Christian: This is finely chopped iceberg lettuce marinated in vinegar and oil, served with a warm potato foam, a boiled quail egg, and fried bacon and flamed pearl onions. So pretty simple. For dessert we offer a "sweet ending", which is a Carinthian Kirchtagskrapfen with a stuffed dried pear and Swiss pine.Granitée. The guest can also order a curd cheese pancake, a chocolate mousse or a "Mon Chou" cake made of cream cheese, butter cookie and blueberries. Of course, what always goes after skiing is an apple or curd strudel. Let's put it this way: I have yet to experience a guest not finding what they were looking for. And should it be the case one day, then we simply conjure up for him what he likes. And that 24 hours a day, seven days a week. We are there for him. No matter how unusual his wish may be, we will fulfill it.
But who orders a steak at three in the morning?
Markus: Not necessarily. I don't know about you, but once I've been out in the evening and had maybe two or three beers, I'm hungry again at eleven. That's how it is with our guests. Then they get a Brettl snack from us.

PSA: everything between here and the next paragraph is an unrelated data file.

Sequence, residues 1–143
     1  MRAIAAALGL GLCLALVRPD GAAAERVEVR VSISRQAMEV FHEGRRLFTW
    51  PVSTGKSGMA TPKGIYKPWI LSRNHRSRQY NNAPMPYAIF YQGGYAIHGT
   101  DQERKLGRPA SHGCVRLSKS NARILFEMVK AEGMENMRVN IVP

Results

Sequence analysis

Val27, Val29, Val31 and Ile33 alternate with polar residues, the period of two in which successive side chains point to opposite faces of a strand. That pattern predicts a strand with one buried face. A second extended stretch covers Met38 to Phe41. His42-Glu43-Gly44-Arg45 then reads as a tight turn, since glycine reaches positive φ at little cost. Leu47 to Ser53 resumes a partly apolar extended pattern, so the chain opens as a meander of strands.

You call your way of cooking "Natural Art Cuisine". What does that mean?
Christian: It has to taste good, it has to be healthy, it has to be sustainable.
Markus: And regional! A good 90 percent of our products come from the surrounding area. This is why we have joined the "Kuratorium Kulinarisches Erbe" (Culinary Heritage Board), because we want to preserve the roots of Austrian food culture, centuries-old recipes and raw agricultural products.
Last question: what is your favorite food?
Markus: I love raclette. As side dishes jacket potatoes, fried bacon, baguette and a good glass of "Grüner Veltliner". Then it will be a perfect evening.
Christian: Zwiebelrostbraten with spaetzle and salad is much better (grins). That's what my mother Anneliese always cooks for me when I go to her in the Salzburger Land. That has two advantages: on the one hand, I can't make it as well as she can anyway. On the other hand, it's also nice to be cooked for once.